There’s no denying that bass. For a band with so many conceptual conceits, “Hold On to Your Genre” rides a low-end gallop from Butler so simple it’s almost stupid. The song builds from there, one concisely synchronized layer at a time — Haynes’ drums driving at a barebones 4/4 clip, Harrington moaning and mumbling vampire allusions, Jabour deploying fang-sharp high-end syncopation — until it all explodes in a cloud of spastic howls, dead-eyed dames and red velvet blazers. I’m pretty sure this song is a metaphor about early-aughts Williamsburg, but even if it’s nothing more than a miniature vampire novel, it rages.
7. “Asleepers Union” from Rome (Written Upside Down) (2000)
By veering close to ballad territory, “Asleepers Union” shows Les Savy Fav can excel outside its wheelhouse. Butler trades his typical eighth-note chug for chunky bass chords. Haynes skips the disco-punk beats in favor of ’90s-style slacker rhythms. Jabour opts for clean, shimmering arpeggios rather than Pixies-style spasmodics. And Harrington holds back from his usual yowl, channeling irony-free emotion even as he communicates in dense symbolism like “I’m in over my head in a shallow waterbed.”
6. “Reprobate’s Resume” from Go Forth (2001)
Musically and lyrically, “Reprobate’s Resume” is all over the place. Harrington spews some of his most memorable, least comprehensible imagery, from “Blessed be the doctor! And blessed be the nurse!” to “sweating bullets in the faculty lounge” to “cheap sex with a discount broker.” The music traipses between disjointed freakouts and emotional aerobics, grounded in cleverly shrouded foundation and Jabour’s melodic Midas touch. No need to go easy on these guys when they’re hitting on all cylinders.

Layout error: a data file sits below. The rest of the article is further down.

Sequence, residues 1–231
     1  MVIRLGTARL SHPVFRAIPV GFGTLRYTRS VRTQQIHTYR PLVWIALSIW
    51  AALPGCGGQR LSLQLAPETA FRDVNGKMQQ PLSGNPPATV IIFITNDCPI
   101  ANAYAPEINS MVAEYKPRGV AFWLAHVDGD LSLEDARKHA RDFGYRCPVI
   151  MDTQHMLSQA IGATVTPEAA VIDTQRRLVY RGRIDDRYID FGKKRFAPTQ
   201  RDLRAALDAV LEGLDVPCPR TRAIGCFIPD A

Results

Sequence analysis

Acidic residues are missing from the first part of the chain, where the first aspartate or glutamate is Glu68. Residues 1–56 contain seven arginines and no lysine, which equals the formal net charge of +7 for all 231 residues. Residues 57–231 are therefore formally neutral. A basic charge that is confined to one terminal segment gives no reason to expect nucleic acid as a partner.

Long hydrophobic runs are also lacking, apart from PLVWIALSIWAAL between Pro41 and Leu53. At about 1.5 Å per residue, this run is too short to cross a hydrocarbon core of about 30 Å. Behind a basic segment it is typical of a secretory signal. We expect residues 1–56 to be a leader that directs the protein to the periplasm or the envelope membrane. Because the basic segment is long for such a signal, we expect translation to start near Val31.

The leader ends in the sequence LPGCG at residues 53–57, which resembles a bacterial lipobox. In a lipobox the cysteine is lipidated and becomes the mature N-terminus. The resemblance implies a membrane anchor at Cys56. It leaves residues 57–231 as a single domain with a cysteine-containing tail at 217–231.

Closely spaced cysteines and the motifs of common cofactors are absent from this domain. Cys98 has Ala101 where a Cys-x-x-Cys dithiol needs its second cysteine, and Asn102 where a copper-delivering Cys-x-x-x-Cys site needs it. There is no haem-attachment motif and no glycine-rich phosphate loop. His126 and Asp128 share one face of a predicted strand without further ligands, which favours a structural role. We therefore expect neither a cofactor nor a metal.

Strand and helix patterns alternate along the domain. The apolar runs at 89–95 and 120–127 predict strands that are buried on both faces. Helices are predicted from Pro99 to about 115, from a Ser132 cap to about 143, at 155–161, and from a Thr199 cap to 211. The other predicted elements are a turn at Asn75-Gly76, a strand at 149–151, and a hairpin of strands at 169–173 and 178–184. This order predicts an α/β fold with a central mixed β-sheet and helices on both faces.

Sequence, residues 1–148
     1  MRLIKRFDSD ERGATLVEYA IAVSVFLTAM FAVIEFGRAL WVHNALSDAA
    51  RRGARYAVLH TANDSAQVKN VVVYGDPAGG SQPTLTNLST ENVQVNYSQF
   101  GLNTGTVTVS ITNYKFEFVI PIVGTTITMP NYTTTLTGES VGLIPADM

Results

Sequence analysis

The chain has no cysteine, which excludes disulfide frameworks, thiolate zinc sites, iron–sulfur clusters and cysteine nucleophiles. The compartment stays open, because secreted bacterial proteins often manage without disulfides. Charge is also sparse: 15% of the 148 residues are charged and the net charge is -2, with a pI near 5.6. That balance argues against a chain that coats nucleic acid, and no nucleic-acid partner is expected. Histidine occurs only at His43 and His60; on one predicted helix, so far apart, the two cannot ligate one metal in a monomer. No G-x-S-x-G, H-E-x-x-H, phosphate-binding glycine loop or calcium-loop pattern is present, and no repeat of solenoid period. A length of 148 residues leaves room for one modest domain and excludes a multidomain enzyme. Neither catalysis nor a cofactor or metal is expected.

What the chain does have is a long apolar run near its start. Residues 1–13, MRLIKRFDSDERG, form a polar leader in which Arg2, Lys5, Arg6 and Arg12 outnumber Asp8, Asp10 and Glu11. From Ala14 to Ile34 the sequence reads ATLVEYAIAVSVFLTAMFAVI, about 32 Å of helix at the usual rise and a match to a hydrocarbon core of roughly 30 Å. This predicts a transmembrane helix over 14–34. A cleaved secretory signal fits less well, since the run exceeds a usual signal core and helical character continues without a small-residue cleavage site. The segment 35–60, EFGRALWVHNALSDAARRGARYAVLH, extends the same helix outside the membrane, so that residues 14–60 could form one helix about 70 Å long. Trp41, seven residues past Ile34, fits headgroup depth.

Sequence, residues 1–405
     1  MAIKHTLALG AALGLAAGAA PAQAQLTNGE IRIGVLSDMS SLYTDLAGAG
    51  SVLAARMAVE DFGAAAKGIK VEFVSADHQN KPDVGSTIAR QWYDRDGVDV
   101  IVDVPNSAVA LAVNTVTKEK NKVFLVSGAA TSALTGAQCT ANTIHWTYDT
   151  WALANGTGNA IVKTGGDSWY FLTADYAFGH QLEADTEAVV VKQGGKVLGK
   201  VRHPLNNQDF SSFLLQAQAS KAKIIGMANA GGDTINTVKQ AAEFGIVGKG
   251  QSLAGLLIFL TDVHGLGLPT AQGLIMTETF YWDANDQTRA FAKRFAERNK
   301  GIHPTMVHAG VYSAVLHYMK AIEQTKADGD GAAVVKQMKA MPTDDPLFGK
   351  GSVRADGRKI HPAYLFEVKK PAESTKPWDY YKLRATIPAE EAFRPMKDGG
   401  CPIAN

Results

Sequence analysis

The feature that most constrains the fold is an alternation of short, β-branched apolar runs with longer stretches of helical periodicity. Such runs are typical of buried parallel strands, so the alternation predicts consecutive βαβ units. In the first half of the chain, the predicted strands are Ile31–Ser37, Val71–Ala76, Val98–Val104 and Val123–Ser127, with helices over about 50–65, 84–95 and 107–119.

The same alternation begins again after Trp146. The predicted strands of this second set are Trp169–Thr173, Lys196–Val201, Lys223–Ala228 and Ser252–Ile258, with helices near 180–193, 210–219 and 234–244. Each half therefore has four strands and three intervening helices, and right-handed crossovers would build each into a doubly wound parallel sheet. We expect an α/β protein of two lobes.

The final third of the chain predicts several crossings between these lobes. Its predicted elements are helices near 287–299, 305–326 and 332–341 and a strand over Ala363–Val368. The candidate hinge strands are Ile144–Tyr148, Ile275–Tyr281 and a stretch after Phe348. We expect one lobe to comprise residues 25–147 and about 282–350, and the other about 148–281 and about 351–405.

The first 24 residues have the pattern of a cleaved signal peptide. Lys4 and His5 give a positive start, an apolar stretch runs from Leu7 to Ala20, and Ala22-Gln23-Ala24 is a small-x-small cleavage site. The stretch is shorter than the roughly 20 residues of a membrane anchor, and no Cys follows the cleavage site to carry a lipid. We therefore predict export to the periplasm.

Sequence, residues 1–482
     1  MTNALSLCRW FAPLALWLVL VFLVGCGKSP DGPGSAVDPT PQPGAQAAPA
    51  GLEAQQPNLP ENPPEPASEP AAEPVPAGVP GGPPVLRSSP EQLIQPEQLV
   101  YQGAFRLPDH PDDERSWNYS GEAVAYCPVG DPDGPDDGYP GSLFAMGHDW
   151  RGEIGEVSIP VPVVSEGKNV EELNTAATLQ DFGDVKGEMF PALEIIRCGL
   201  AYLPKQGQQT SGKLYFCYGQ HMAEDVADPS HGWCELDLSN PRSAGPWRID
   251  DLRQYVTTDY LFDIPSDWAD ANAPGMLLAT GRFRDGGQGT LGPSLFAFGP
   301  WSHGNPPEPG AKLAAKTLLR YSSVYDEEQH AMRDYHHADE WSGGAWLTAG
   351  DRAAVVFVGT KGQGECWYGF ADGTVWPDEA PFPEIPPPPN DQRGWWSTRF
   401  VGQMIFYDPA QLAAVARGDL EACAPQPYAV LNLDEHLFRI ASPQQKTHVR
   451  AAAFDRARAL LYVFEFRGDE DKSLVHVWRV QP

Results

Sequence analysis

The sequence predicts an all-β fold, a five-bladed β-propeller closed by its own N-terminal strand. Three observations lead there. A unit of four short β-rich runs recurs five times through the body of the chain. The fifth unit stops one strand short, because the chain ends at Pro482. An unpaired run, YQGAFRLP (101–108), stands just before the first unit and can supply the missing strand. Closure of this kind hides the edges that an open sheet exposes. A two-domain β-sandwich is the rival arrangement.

5. “Fading Vibes” from Inches (2004)
Flipping the formula that demands a Les Savy Fav song build from spare post-punk grooves into furious climaxes, “Fading Vibes” starts at full-throated full throttle and gradually parachutes to ground, gliding past one of the finest choruses of the group’s career along the way. The structure is just right for a song about the diminishing returns of partying hard, one that concludes with delicately crooned lyrics like, “We do it way too much/ We do it way too often/ What used to be a crutch/ Has become a coffin” before sputtering to a stop and toppling over.
4. “Adopduction” from Go Forth (2001)
Why Harrington felt compelled to write a song about Stockholm Syndrome I’ll never know, but he wrings the story for all it’s worth. “Adopduction” serves up details so generously that you find yourself wrapped up in a narrative less than four minutes long. He gets kidnapped “by a guy with a mustache and a chick with an eye patch.” His family haggles over the ransom price for years. He gets used to riding in the trunk. His captors treat cops politely so as not to arouse suspicion. He ends up looking back fondly on the whole thing. The twists and turns are captivating thanks in no small part to a soundtrack that lends the story a whimsical grace fit for the arthouse. It’s a dark comedy with something like heart.